1. The National Association of Democratic lawyers (NADEL) is shocked at the manner within which the High Court arrived at the conclusion that Janus Walus, the assassin, deserves to be granted parole and that he should be released in the next two weeks.
2. The Minister of Justice and Correctional Services, after considering all the relevant factors prescribed by the enabling legislation, decided not to grant the application for parole. His reasoning was that the crime committed was of such a magnitude that its seriousness out weighted other considerations that might have favoured the granting of the parole. The High court on review found that this decision was irrational and unreasonable.
3. It is not an exaggeration to say that this was not just a random murderous act but a heinous crime aimed at possibly creating and accelerating conditions for a civil war in defence of an Apartheid system which had by then already been declared a crime against humanity. It was crime also aimed at dashing the hopes and aspirations of the endeavours towards ushering in a peaceful nation which was about to be born in the place of the ashes of Apartheid. The fact that the calamitous intent was not realised as planned should not cloud anyone as to the enormity of the occurrence.
4. The Minister in making his decision took into account all the relevant factors. We submit that the decision by the Minister was neither irrational nor unreasonable and definitely not both, as held by the court. The court in its reasoning has failed to substantiate how the Ministers decision was unreasonable and/ or irrational. NADEL while respecting the independency of the judiciary joins the call, in support of the Hani family, for the Government to appeal the decision.
5. Walus’s legal representatives submitted that he, Walus, ought to be released on parole in the spirit of reconciliation. As NADEL we recognise the need for reconciliation as a means necessary and essential towards building a non-racial, non-sexist and democratic state. Reconciliation however will not be achieved by simply releasing political prisoners such as J Walus nor will it be achieved by locking them behind bars till their death. Reconciliation can only be achieved by joint effort from all the people in South Africa.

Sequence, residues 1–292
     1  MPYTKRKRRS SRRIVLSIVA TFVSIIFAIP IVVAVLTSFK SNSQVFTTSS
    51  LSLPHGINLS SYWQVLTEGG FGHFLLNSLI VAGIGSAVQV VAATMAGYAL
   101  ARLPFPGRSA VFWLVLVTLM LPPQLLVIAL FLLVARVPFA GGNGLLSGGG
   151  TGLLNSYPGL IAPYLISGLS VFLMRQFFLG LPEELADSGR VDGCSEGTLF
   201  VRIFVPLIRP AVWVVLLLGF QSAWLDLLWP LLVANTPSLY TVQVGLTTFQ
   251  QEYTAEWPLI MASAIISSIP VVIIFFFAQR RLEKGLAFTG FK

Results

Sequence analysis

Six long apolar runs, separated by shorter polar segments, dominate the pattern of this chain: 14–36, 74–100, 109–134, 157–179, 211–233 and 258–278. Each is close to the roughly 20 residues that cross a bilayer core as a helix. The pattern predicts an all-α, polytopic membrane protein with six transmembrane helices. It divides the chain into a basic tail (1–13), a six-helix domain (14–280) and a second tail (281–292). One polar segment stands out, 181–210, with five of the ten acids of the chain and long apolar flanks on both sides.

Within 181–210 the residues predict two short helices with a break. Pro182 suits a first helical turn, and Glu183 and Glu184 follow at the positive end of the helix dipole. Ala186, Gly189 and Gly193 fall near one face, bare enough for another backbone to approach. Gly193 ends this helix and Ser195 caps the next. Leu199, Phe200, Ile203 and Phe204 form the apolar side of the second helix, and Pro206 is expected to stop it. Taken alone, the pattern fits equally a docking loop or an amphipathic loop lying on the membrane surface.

6. Reconciliation is more than just about forgiveness and the changing of the attitudes of the victims of past injustices and those who are its perpetrators (this is inclusive of those who enjoy the benefits of the actions of the said perpetrators) towards each other. Reconciliation also requires overcoming divisions that exist amongst them. The division between victims and perpetrators exists mainly through racism and in the allocation of resources such as income, health, land and education.
7. We need to acknowledge our past injustices, improve relationships and share our resources fairly and equitably. Our steps towards reconciliation shall always be hampered until the gap between those who benefited from apartheid and those who are victims has been closed
9. We therefore call upon all South Africans to unite towards building a better South Africa for all, for zero tolerance and tough actions to taken be against those guilty of racism and for government to take more stringent steps towards closing the Gap between all South Africans. In the words of the late Nelson Mandela, “We understand it still that there is no easy road to freedom. We know it well that none of us acting alone can achieve success. We must therefore act together as a united people, for national reconciliation, for nation building, for the birth of a new world. Let there be justice for all. Let there be peace for all. Let there be work, bread, water and salt for all. Never, never and never again shall it be that this beautiful land will again experience the oppression of one by another and suffer the indignity of being the sunk of the world, let freedom reign.”.
Issued on of behalf of the National Association of Democratic Lawyers (NADEL), South Africa